The cabin’s ambience neatly segues with C-HR’s styling theme. We located subtle diamond patterns in the headliner and shape of features such as the dual-zone climate control and speaker surrounds. The standard tablet-like 7-inch center touchscreen is mounted high for ease of use while the surrounding dash is lower to help improve outward visibility. C-HR’s small-diameter leather-wrapped steering wheel with touch controls adds to the sporty appeal.

Drive Modes can be activated by the driver using buttons on the steering wheel and the 4.2-inch Multi Information Display (MID) in the instrument cluster. We used the Normal mode for regular driving, then switched to the Sport mode when climbing hills for improved throttle response and quicker “shifts” via the CVT.

EPA fuel economy ratings for the C-HR are 27 city, 31 highway and 29 combined. During a 40-mile round-trip jaunt to UCLA, we scored 35 mpg using the Normal mode. Factor in the steep hills in our neck of the woods (we live at 1,200 feet above sea level) and regular use of the Sport mode resulted in an average of 25 mpg for the week.

C-HR features a standard 6-speaker AM/FM/HD Radio™, with Aha™ app, USB 2.0 port with iPod connectivity, AUX audio jack, Bluetooth® wireless connectivity, plus Voice Recognition with voice training.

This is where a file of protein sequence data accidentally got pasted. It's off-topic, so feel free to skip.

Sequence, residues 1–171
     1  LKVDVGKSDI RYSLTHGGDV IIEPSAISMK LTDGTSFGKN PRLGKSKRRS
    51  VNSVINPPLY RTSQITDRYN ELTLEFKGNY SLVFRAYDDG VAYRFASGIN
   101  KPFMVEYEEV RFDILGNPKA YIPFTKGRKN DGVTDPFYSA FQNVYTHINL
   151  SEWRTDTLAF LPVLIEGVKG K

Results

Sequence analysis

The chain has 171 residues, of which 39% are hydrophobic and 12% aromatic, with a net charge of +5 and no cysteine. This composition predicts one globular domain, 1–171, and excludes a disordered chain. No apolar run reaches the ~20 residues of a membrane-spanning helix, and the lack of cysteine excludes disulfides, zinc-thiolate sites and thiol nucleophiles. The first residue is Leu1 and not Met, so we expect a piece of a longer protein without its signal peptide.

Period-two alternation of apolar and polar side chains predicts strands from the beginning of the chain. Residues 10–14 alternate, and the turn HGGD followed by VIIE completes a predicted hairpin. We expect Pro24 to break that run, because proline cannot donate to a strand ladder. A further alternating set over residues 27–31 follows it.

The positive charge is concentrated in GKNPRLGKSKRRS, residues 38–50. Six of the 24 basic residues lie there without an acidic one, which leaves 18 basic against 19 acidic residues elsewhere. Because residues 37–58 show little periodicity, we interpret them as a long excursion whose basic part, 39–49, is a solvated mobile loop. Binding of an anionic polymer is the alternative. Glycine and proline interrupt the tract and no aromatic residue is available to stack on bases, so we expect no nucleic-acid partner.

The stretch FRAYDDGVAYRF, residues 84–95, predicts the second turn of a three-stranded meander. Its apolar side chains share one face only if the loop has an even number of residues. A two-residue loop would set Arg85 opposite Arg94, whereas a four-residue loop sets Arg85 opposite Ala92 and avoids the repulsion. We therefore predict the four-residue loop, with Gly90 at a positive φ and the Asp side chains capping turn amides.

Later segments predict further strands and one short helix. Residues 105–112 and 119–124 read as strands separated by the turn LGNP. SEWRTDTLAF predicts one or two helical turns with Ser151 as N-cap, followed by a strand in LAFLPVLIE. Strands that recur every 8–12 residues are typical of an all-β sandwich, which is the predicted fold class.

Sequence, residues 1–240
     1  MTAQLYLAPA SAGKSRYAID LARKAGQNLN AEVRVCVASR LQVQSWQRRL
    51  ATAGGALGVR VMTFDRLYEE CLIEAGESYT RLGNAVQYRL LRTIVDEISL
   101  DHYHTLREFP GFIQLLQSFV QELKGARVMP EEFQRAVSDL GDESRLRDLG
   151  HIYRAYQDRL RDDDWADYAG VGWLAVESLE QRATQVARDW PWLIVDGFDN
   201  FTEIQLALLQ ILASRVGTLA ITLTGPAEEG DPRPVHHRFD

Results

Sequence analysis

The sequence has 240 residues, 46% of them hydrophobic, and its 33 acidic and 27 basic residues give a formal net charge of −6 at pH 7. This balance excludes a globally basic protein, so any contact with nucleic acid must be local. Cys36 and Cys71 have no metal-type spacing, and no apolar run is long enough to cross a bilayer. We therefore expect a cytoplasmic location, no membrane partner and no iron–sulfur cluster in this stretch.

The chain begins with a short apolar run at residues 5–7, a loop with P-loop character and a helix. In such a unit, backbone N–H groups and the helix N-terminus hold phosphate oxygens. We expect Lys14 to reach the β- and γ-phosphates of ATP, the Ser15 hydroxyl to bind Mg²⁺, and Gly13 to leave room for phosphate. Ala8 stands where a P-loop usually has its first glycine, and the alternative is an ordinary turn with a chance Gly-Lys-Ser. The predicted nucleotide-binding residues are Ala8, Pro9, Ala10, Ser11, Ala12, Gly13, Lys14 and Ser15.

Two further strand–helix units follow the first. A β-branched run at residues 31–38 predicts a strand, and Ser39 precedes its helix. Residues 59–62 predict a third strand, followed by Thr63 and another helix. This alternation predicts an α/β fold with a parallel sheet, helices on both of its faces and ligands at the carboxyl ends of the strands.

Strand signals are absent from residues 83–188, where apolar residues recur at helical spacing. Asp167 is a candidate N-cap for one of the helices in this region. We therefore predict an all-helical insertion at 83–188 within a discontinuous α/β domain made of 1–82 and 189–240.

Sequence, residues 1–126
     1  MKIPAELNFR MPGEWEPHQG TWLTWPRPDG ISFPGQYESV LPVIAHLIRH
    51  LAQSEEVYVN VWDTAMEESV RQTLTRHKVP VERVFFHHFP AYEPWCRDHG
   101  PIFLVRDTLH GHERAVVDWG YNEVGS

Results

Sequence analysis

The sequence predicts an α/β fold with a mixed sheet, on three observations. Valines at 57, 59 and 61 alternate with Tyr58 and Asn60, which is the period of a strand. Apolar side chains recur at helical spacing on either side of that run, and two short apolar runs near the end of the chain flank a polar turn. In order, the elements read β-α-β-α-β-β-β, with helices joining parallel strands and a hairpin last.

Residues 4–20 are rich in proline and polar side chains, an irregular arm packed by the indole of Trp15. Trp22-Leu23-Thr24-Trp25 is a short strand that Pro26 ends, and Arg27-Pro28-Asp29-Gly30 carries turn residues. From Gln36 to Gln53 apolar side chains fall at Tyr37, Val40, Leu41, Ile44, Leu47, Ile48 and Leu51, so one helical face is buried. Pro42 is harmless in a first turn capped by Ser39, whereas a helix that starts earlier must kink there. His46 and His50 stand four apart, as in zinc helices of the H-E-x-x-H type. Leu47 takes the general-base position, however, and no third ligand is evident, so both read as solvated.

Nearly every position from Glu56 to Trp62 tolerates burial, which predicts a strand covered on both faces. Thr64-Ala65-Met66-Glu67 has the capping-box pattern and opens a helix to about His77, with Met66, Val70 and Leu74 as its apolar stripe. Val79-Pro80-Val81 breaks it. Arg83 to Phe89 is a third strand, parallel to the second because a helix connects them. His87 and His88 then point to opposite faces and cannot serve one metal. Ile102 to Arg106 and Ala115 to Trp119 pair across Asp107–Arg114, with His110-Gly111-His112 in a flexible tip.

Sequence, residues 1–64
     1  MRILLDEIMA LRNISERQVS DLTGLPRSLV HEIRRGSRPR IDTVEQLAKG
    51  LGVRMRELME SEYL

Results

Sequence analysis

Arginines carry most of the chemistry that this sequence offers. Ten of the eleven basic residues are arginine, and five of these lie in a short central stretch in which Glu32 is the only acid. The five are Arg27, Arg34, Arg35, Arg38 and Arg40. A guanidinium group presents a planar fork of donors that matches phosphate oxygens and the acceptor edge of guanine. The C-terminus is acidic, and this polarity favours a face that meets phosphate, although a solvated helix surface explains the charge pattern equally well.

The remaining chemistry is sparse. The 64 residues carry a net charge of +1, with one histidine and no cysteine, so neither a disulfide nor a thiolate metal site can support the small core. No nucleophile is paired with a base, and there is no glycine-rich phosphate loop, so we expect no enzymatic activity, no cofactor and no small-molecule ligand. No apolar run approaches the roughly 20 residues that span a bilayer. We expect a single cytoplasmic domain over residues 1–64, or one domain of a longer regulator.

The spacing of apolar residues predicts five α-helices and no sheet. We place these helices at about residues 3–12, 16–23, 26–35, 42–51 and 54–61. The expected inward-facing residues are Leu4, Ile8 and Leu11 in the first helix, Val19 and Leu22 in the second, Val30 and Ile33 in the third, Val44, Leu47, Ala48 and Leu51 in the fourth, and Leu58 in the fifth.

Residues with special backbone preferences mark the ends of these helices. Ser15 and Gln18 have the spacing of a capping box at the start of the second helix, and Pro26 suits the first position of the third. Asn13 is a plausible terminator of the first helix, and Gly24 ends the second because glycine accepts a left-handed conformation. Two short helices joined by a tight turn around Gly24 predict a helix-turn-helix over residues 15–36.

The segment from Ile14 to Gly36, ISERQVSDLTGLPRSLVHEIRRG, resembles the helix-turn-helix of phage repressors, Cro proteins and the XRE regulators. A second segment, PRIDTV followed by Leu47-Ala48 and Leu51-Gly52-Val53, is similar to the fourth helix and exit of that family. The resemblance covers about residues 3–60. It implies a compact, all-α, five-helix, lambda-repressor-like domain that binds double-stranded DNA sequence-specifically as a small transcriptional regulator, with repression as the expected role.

To use Voice Recognition, simply press a button on the steering wheel and, when prompted, say commands like “Listen to FM radio.” Meanwhile, a backup camera displays the view behind the C-HR when the transmission is shifted into Reverse, yet the display appears on the inside rearview mirror, instead of the touchscreen.

All C-HRs are equipped with the Toyota Safety Sense P™ (TSS-P) package including Pre-Collision System with Pedestrian Detection, Lane Departure Alert with Steering Assist, Automatic High Beams, and Full-Speed Range Dynamic Radar Cruise Control. Our XLE Premium added a Blind Spot Monitor and Rear Cross-Traffic Alert.

Toyota makes the C-HR nearly irresistible with its affordable pricing. Prices start at $22,500 for the XLE model. Our XLE Premium tester checked in with a base MSRP of $24,350, adding R-code paint, floor mats and destination for a bottom line of $26,004.

C-HR offers buyers in the growing compact crossover segment a great combination of cutting-edge styling, sporty handling, good performance, high-tech features, a comfortable cabin and affordable prices. We really enjoyed our week in the new C-HR. If we were in the market for a compact crossover, we’d put the new Toyota C-HR at the top of our shopping list.

[Note from the editor: While in Japan, we noticed that C-HR offers a Hybrid model with a 1.8-liter gas engine and Toyota Hybrid System II, plus a gas-only 1.2-liter turbocharged engine with available all-wheel drive. In our opinion, these would make great additions to the U.S. lineup.]

For more information on the C-HR, visit Toyota.com

C-HR press fleet vehicle provided by Toyota Motor Sales, U.S.A., Inc. Prices and vehicle information applies to models sold in the U.S. at the time of publication. All product information including prices, features and specifications is subject to change without notice.

Story, photos and videos © 2017 CarNichiWa.com